Some people don’t like change, so they will hop to churches that practice the “old ways.” Most Evangelical churches have bands or use praise and worship music. Some congregants don’t like any kind of music except hymns. The same goes for tinkering with service times, changing dress standards, using non-KJV translations, etc. There’s no end to the reasons people use to justify hopping.

My all-time favorite reason for church-hopping is this: “I am not being ‘fed’ anymore.” What, did the church cancel the monthly church dinner or stop having potlucks? No, “not being fed” means that the pastor’s preaching no longer meets their intellectual or felt needs. Truth be told, listening to the same man year in and year out can be boring. Instead of admitting this, many congregants blame their pastors for not meeting their needs. 

Honesty, in general, is lacking in many Evangelical churches. Instead of being honest about their reasons for hopping away, disgruntled church members blame their pastors. Much like marriages, not every pastor/church/congregant relationship is meant to last for life. Sometimes, it’s time for a change of scenery — new church/pastor.

It is not uncommon to hear Evangelical preachers rail against church hopping. Much like former President Trump’s relationship with people who left his cabinet, to pastors, church hoppers look great coming in the front door, but when they leave out the back door, all of a sudden they are terrible people. I know of pastors who eviscerate anyone who dares to leave their cult – uh, I mean church. Such pastors believe their church/preaching/ministry is far superior to that of any other pastor/church in town. In their minds, it makes no sense to go anywhere except their church. 

Early in the ministry, I could be quite harsh towards people who left my church. Sometimes, my criticisms were justified, but all too often I was just being an asshole towards people who disagreed with me. I later learned to be more magnanimous towards people who left. On more than a few occasions, people who hopped away from my church returned months or years later. 

Many Evangelical pastors think people should attend their churches until death. They expect lifelong commitments from their congregants. However, pastors hop from one church to another all the time. Pastors change churches on an average of every 4 to 10 years. (Please see How Long Do Pastors Stay in One Church?) Why is it that Evangelical pastors preach against congregants who church hop, yet when they do it, it’s God “leading” them? Anytime you have a group of people with varied personalities and backgrounds, conflict and change are inevitable. Leave it to Evangelicals to find all sorts of justifications for hopping instead of telling the truth. Why did you leave your church or pastorate? Drumroll, please. Because I wanted to.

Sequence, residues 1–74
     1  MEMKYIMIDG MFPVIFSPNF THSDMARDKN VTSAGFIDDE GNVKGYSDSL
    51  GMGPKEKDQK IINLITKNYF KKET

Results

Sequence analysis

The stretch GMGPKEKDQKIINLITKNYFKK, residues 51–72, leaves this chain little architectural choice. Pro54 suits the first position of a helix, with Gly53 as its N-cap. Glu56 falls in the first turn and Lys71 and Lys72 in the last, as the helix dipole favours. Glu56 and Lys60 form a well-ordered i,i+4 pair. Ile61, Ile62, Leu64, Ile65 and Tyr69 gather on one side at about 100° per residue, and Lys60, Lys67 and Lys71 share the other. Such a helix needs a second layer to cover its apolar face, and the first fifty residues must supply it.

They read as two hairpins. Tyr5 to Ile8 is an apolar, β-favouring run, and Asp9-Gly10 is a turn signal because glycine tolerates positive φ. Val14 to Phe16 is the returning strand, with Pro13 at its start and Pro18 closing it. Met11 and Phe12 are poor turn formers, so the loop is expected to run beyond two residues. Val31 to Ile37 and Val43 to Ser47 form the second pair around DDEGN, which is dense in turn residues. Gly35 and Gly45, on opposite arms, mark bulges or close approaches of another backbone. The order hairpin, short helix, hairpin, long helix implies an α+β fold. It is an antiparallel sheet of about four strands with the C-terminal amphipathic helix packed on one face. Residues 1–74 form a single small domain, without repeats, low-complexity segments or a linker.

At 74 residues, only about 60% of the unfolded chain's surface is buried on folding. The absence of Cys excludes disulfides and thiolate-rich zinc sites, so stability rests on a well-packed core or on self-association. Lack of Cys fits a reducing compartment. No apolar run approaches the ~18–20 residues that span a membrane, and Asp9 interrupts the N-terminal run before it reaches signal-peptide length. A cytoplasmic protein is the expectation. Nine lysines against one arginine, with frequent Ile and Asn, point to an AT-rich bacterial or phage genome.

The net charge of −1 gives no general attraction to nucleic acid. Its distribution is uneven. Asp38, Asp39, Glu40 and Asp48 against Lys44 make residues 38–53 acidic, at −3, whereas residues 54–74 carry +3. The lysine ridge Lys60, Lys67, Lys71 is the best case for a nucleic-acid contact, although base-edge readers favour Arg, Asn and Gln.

Bruce Gerencser, 66, lives in rural Northwest Ohio with his wife of 45 years. He and his wife have six grown children and thirteen grandchildren. Bruce pastored Evangelical churches for twenty-five years in Ohio, Texas, and Michigan. Bruce left the ministry in 2005, and in 2008 he left Christianity. Bruce is now a humanist and an atheist.

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    My mom and dad left the Southern Baptist church they had gone to for years when it began to turn fundie and joined a nearby Methodist church. My mom loved that little church which started a mission from the bigger UMC church in town.

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    My parents changed churches only once, when they moved to another town. They stayed in that church until they died. I had an aunt and uncle who constantly church hopped, but I don’t know why.
    In my opinion, it seems that what many people need is a break from services. Sometimes, the things I love become tiresome, so I stop and do something else for a change. My parents did this occasionally, especially in summer. They wanted to vacation or just sleep in. My dad did it more as he got older, because his illness made it a pain to get dressed up and socialize.